Genya Ravan

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Genya Ravan, a.k.a. Goldie (born Genyusha Zelkovicz; April 19, 1945) is an American rock singer and producer. She was lead singer of The Escorts, Goldie & the Gingerbreads, and Ten Wheel Drive.[1]

Life and career[edit]

Genya was born in Łódź, Poland,[2] and arrived in the United States in 1947, accompanied by her parents and one sister. They were the only family members who had survived the Nazi Holocaust in Europe;[2] she also had two brothers, who both died. They did not speak any English. Genya was named 'Goldie' by her mother, who claimed Genyusha was not American enough.

Goldie's career started in 1962 on a dare in a Brooklyn club called The Lollipop Lounge, which is also the title of her autobiography published by Billboard Books. On a dare in a bar, she jumped up to sing. "That was the first time I ever heard my voice". She was asked to join the band The Escorts, Richard Perry being one of the members. After signing to Decca Coral records and being produced by Henry Jerome, there was some success, they covered "Somewhere" from West Side Story and it went to number one in parts of the Mid-West. In 1963 she formed Goldie and The Gingerbreads after Genya met drummer Ginger Bianco in a Greenwich Village bar.

After seeing the band at a party for the Rolling Stones, Atlantic Records Chairman Ahmet Ertegün signed them to Atlantic subsidiary Atco Records.[3] Goldie & the Gingerbreads were the first all-girl rock band in history to be signed to a major label and climb the charts.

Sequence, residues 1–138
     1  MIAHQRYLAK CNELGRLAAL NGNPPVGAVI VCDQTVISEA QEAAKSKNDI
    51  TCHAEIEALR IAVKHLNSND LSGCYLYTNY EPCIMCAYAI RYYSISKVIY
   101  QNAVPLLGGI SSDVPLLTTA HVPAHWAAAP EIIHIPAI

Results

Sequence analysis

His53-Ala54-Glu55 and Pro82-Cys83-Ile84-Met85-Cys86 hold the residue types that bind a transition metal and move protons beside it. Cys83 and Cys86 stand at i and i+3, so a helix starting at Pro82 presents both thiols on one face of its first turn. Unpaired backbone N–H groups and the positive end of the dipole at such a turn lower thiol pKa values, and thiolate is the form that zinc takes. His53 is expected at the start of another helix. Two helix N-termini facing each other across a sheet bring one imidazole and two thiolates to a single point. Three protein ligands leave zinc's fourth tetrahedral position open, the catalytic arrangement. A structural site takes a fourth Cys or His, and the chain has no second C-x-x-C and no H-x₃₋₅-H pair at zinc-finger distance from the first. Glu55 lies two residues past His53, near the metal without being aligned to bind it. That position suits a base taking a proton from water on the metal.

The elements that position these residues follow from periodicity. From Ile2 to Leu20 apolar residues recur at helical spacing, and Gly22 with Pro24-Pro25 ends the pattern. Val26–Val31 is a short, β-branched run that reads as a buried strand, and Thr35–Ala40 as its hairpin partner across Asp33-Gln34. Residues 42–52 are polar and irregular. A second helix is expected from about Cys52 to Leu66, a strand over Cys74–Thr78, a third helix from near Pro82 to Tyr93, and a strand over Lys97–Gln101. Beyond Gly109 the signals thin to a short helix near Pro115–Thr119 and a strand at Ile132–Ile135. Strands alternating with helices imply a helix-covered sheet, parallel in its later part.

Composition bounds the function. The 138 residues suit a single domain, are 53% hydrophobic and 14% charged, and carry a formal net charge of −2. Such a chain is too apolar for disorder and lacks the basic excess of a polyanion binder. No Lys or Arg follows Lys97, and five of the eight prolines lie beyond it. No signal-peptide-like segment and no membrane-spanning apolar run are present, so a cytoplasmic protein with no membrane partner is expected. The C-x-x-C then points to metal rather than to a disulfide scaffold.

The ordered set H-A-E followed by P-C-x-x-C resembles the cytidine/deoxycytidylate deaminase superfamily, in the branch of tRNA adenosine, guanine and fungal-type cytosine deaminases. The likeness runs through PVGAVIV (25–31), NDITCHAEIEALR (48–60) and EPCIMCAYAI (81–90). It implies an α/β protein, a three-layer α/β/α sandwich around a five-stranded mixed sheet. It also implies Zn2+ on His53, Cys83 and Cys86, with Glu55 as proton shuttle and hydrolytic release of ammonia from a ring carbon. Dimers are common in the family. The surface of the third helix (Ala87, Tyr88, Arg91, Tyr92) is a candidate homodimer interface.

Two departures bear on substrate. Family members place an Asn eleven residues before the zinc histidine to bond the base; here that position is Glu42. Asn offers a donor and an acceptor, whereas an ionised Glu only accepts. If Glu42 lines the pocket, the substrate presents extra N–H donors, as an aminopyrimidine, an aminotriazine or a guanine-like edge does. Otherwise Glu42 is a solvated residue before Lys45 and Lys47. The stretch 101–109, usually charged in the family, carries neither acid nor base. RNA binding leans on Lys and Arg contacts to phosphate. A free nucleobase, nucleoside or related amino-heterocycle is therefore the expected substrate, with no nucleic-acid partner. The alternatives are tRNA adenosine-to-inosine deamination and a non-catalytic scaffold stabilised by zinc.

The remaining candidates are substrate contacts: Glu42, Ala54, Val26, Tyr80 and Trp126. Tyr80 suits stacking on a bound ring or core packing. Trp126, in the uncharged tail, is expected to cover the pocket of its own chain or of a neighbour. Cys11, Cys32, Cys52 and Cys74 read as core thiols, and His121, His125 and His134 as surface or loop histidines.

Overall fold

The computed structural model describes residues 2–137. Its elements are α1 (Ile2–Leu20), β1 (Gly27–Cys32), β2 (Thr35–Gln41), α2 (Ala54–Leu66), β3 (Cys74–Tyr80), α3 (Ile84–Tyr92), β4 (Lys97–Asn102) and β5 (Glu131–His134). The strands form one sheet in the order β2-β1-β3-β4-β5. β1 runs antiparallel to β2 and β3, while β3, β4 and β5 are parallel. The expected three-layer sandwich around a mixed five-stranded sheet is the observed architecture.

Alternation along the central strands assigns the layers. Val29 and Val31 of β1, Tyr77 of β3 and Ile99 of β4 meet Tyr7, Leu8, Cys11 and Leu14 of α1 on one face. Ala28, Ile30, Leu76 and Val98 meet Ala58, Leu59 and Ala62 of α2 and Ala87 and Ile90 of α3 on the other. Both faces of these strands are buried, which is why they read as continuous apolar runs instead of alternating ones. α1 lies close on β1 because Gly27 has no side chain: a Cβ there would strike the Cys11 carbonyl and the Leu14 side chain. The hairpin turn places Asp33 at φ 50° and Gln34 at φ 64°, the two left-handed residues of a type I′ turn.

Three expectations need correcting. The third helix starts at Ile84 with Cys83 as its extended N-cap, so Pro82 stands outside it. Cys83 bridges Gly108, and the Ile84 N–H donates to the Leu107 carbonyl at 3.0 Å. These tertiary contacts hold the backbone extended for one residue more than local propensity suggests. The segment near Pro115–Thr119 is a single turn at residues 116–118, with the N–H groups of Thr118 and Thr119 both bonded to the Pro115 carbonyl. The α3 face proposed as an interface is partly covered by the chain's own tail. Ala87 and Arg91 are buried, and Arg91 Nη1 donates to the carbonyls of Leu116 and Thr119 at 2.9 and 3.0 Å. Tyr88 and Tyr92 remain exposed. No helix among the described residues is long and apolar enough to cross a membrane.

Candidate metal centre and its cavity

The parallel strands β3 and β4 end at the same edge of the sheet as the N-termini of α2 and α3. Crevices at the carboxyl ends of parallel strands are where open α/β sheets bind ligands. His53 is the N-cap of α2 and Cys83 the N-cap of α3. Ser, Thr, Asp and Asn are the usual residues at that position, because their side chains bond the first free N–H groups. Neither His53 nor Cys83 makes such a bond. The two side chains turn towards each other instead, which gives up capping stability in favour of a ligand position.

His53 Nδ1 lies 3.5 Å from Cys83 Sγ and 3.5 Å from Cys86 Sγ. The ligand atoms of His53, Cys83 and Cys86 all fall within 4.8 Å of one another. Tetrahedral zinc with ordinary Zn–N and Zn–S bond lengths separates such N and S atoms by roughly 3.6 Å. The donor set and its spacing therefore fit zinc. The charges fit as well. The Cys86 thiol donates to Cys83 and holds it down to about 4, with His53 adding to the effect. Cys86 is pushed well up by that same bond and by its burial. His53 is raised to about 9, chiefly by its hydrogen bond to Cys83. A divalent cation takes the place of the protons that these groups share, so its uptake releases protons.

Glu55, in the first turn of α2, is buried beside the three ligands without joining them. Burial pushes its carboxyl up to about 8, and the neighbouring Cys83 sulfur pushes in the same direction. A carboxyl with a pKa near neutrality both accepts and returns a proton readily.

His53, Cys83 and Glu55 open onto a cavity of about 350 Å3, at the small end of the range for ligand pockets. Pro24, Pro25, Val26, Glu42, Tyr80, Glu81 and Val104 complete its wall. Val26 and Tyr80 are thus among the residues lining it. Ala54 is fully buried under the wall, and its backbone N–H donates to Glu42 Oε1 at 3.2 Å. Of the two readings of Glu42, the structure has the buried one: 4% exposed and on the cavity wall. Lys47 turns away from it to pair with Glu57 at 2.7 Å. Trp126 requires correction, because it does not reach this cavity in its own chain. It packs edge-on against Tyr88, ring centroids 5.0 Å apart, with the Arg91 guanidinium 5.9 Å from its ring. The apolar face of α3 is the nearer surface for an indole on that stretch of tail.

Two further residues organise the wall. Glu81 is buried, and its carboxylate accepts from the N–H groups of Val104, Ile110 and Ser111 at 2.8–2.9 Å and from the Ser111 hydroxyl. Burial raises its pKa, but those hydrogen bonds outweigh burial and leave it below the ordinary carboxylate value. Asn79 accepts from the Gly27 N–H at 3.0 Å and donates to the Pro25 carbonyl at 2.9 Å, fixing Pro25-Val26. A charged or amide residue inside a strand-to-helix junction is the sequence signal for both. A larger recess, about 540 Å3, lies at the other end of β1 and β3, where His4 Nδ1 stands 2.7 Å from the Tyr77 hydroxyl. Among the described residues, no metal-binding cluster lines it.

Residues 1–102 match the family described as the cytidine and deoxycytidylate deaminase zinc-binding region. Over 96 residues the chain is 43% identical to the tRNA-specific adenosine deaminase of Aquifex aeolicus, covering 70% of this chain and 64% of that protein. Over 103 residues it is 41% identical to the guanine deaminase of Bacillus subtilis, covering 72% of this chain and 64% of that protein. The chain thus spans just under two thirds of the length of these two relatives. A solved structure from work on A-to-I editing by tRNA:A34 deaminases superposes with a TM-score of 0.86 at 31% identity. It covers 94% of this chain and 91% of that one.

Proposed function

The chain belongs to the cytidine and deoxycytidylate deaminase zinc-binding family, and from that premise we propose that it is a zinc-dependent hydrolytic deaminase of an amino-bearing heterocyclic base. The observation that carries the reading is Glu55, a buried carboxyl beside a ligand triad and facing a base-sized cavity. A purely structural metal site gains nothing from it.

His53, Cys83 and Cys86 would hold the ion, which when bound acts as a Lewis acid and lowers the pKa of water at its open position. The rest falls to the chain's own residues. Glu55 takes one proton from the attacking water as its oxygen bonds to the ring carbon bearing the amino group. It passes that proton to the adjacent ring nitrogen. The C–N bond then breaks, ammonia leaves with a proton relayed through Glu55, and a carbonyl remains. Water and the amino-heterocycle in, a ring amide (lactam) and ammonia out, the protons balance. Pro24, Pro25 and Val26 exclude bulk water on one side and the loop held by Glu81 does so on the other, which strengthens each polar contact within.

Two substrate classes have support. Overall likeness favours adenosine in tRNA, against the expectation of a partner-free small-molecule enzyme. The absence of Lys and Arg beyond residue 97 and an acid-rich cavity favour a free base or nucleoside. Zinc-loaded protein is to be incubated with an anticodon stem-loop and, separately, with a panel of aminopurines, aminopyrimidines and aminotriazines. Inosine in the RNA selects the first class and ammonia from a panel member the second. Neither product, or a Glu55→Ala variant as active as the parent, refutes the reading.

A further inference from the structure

While playing New York City's hot spot The Wagon Wheel on 45th Street in Times Square, Mike Jeffries, Eric Burdon, Hilton Valentine, and Chas Chandler spotted them, and wanted them to come to England. Goldie and The Gingerbreads toured with the Rolling Stones, the Yardbirds, the Kinks, and Manfred Mann. They reached the charts with their hit "Can't You Hear My Heart Beat" in 1965. The song reached number 25 on the UK Singles Chart. The band stayed in London for two years.

Billed as "Goldie", she released the original version of the classic Carole King-Gerry Goffin composition "Goin' Back" in the spring of 1966. However, this single was withdrawn within a week by producer Andrew Loog Oldham, due to disagreements with Goffin and King over altered lyrics.[3] The song would be covered by Dusty Springfield three months later, making the UK top 10 singles chart.